Hi stranger! Signing up for MypetMD is easy, free and puts the most relevant content at your fingertips.

Get Instant Access To

  • 24/7 alerts for pet-related recalls

  • Your own library of articles, blogs, and favorite pet names

  • Tools designed to keep your pets happy and healthy

or Connect with Facebook

By joining petMD, you agree to the Privacy Policy.

8 Things You Should NEVER Do To Your Cat

Image: Belovodchenko Anton / via Shutterstock
Image: Arthiti Kholoet / via Shutterstock
Image: elwynn / via Shutterstock
Image: Dmitrij Skorobogatov / via Shutterstock
Image: Lubava / via Shutterstock
Image: Tonhom1009 / via Shutterstock
Image: SJ Allen / via Shutterstock
Image: cynoclub / via Shutterstock
Image: www.BillionPhotos.com / via Shutterstock
Image: Olesya Kuznetsova / via Shutterstock

Don't Ever Do These Things to Your Cat

By Kathy Blumenstock


With a cat or two around the house, even the most dedicated pet parent may slack off and take Kitty’s presence for granted. Even the simplest oversight may have big consequences on your cat’s well being and quality of life. Here are 8 things you should NEVER do to your fave feline.


Editors’ Note: The slideshow “8 Things You Should Never Do to Your Cat” was not created as a definitive and complete guide to cat care, but rather as a reminder of the small daily interactions many established cat owners have with their beloved companions.


Our goal was for cat owners to enhance those often-overlooked, common instances with increased presence and concern via suggestions from our experts. While the petMD team does not recommend declawing, that practice was not included in this list, as it is considered to be an extreme measure, and not something that fit into our original concept for this piece. That said, many of our readers on social media have requested a thorough treatment on the topic, and we plan to deliver one in the coming weeks. Thank you as always for your heartfelt and passionate comments. We have the utmost respect for you and ask that you extend that respect on to one another.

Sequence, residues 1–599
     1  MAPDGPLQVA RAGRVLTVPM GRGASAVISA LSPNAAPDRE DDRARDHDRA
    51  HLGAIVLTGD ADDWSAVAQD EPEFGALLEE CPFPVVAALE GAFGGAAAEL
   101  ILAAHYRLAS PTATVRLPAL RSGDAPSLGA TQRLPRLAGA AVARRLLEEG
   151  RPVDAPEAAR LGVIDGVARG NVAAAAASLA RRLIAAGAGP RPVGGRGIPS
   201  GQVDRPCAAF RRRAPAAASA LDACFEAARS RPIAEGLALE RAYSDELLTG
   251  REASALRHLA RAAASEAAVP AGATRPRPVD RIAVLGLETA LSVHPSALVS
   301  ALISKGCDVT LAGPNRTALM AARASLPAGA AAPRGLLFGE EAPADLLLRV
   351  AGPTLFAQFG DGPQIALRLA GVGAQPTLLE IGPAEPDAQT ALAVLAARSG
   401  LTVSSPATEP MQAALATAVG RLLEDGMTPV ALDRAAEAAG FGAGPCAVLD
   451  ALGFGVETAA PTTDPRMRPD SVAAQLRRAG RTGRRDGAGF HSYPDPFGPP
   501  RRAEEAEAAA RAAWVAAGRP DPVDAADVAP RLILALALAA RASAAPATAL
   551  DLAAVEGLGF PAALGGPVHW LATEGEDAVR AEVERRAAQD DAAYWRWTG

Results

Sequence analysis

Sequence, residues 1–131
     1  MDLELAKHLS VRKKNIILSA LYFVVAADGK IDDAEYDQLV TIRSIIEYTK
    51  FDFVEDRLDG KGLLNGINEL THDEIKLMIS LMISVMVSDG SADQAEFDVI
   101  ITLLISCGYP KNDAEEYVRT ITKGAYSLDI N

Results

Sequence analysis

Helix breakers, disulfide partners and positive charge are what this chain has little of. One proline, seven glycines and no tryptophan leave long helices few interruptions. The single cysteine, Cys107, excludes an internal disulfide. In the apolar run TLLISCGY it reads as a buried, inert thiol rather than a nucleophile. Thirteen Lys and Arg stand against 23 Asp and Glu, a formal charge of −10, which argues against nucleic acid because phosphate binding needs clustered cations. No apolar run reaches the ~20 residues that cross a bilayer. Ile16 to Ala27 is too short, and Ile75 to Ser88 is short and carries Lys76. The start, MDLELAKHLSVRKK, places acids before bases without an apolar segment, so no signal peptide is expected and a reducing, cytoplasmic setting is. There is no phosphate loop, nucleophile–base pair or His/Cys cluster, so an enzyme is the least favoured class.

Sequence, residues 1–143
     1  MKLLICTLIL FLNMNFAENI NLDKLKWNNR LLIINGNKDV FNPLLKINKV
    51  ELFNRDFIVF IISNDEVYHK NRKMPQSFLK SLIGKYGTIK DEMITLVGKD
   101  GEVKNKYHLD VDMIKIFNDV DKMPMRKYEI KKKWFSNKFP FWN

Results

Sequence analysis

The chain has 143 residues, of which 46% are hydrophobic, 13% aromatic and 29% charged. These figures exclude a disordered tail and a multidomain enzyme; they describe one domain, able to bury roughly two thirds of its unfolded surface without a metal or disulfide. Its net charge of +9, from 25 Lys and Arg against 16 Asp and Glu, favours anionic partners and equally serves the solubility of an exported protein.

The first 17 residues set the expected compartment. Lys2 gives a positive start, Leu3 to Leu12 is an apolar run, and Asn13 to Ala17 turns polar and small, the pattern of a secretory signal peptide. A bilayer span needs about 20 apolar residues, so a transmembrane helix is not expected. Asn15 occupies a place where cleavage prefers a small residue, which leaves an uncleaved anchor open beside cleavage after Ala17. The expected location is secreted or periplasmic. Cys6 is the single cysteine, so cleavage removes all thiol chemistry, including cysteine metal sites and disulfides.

- The petMD Team

Skip Flea or Heartworm Treatment


Your cat stays indoors and rarely comes in contact with other animals. Why bother with a flea and heartworm preventive for an indoor cat? Believe it or not, fleas and the mosquitos that carry heartworms can easily enter your home and cause big problems for cats. You may walk fleas into your home after visiting a friend with a dog or cat, and mosquitos can zip through a door or window that is left open for just a few seconds. With plenty of products available, keeping your cat free of fleas and heartworms has never been easier. (Not-so-fun-fact: There is no good way to get rid of heartworms in cats, and infections can be fatal.)

Put Your Cat Outdoors Unsupervised


Think your cat longs to explore all of springtime’s splendors on her own? Hey, she knows where she lives and she’d never wander off, right? Wrong. Your indoor kitty’s reaction to the great outdoors might be curiosity, confusion, or fright. She may dart away into traffic or cower under a bush when a strange dog approaches. Keep Kitty safely harnessed, leashed, and reassured by your presence when outdoors, for her peace of mind and yours.

Leave Windows Open


Loosely screened windows can pose a hazard to curious cats. Excitement over a robin’s fly-by may cause your mellow tabby to accidentally dislodge that screen and plummet to the ground. If you’re at work when the incident happens, hours could pass before you realize your cat is hurt or missing. Ensure that your window screens are sturdy and limit window openings to an inch or two when you’re not around to keep Kitty safely indoors. 

Put Off Vet Visits


Your cat seems healthy. She eats well, looks good, and hasn’t changed her activity level. But cats, like the rest of us, can experience subtle health shifts, from poor vision to kidney dysfunction. Felines are masters at concealing their ills and compensating for problems. An annual vet exam can pinpoint the start of any health concerns and treat minor issues before they become major issues.


“At the very least, you’ll have a baseline for comparison if any problems crop up,” said Dr. Brad LeVora of Little Seneca Animal Hospital in Germantown, MD. “With the cat’s health history documented, there should be fewer surprises.”

Hold Your Cat On Your Lap While Driving